Smart Manufacturing – A Layered Approach to Digital Transformation
According to the Plastics Industry Association, the average utilization percentage of a plastic injection molding machine is only about 40%. This is the percentage of the total times when the machine is used to produce products that can be used or sold. Other times are just overhead or simply wasted – e.g., setup, waiting for raw materials, etc. The same kind of machine utilization, or lack thereof, is likely to be found in other industries as well. But for a company to be a world-class manufacturer, machine utilization should be around 85%, which is often considered the gold standard. This is a huge gap. If companies can achieve this utilization rate, they would double their productivity without investing in any extra resources or time.
Smart manufacturing, sometimes synonymous with the “connected factory,” or Industry 4.0, aims to achieve optimal efficiency in manufacturing by digitally transforming operations. One of the main goals of digital transformation is to transform the shop floor into smart manufacturing to help manufacturers to manage their core production operations digitally to maximize the production by minimizing machine downtime and quality losses.
But smart manufacturing includes different layers. Starting with the hardware systems like machines and sensors, having automation tools and PLC systems and then having a Manufacturing Execution System (MES) or Manufacturing Operations Management (MOM) system to complete the journey. MES/MOM helps manufacturers to collect real-time data from hardware and automations tools, and then be integrated with their Enterprise Resource Planning (ERP) systems. This integration allows ERP systems to have the complete visibility at the enterprise level to manage inventories, resources, procurements, financing, work order planning, and more.
Often, we hear about Overall Equipment Effectiveness (OEE) as it is the gold standard for measuring manufacturing productivity. But what is OEE?
- OEE = Availability x Performance x Quality
- Availability = (Total Hours Planned - Lost Time) / Total Hours Planned
- Availability, for example, can tell you why a line has not run continuously during a shift.
- Performance Rate (efficiency) = Actual Machine Speed / Design Machine Speed
- Performance is measured by calculating ‘Performance Loss’, which accounts for anything that causes the manufacturing process to run at less than the maximum possible speed. Examples of Performance Losses include machine wear, substandard materials, misfeeds, and jams.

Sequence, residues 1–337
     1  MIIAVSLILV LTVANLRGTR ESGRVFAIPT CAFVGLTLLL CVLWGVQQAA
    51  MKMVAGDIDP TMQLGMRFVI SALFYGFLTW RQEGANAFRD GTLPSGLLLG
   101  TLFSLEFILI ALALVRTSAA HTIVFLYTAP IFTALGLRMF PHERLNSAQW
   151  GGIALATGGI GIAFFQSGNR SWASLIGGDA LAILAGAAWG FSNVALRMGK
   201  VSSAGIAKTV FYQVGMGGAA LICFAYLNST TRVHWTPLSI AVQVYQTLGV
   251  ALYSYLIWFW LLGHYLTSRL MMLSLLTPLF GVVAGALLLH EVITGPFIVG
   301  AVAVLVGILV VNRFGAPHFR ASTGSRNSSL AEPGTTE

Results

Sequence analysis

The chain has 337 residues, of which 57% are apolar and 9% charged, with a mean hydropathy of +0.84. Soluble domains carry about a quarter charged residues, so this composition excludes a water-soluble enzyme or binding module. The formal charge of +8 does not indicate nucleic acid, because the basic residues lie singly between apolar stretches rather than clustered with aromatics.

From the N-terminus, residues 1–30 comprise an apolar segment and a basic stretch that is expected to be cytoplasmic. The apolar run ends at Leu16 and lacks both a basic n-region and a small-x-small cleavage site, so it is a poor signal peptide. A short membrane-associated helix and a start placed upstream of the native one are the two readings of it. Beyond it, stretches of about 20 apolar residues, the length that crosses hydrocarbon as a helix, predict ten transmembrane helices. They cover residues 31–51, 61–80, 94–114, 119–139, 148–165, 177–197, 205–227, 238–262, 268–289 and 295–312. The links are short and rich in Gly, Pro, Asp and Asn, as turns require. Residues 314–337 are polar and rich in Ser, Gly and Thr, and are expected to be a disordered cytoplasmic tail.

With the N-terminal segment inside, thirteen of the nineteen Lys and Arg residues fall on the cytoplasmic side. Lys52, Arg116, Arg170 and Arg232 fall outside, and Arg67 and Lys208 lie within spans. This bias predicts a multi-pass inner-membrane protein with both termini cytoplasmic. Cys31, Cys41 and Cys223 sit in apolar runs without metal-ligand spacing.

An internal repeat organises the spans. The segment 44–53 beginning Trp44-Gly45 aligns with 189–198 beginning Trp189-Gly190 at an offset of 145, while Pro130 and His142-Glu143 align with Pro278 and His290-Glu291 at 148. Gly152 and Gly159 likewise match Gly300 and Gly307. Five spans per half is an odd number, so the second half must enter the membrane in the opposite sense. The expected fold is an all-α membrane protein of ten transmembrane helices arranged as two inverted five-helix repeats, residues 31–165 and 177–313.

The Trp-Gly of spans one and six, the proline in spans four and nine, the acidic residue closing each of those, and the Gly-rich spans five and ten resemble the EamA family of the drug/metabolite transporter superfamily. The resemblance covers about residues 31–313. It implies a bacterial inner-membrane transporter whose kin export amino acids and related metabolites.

- Quality Rate = Number of Good Products / Total Products Made
- Quality loss accounts for manufactured products that do not meet the required standards, anything that must be scrapped or reworked.
Many experts point out three stages for successful digital transformation and smart manufacturing:
- Monitoring Stage: Getting the data from the machines. Without the data, you cannot do real time management of the shop floor. This step does not require the involvement of operators or technicians. You can collect the data in the background.
- Digital Stage (Improvement Stage): Operators, technicians and supervisors can see the performances of the machines in real time. This stage allows the shop floor to improve upon the data they see. For example, has the machine stopped due to mechanical failure or process failure (i.e., is the setup taking too long)? Are you waiting on the raw material? This step leads to continuous improvement.
- Connected or Digital Manufacturing Stage: Product and work order data become part of these data and are integrated with a manufacturer’s ERP system.
Companies need to focus on having proactive shop floors instead of reactive ones. Reactive manufacturing sees problems as they happen (e.g., machine stops, lack of coordination, etc.) and scrambles to react to the problems. In contrast, proactive manufacturing enables manufacturers to predict the problems and take appropriate measures to prevent them. This increases efficiency on the shop floor – the ultimate goal of smart manufacturing.
This post does not have any comments. Be the first to leave a comment below.
Post A Comment
You must be logged in before you can post a comment. Login now.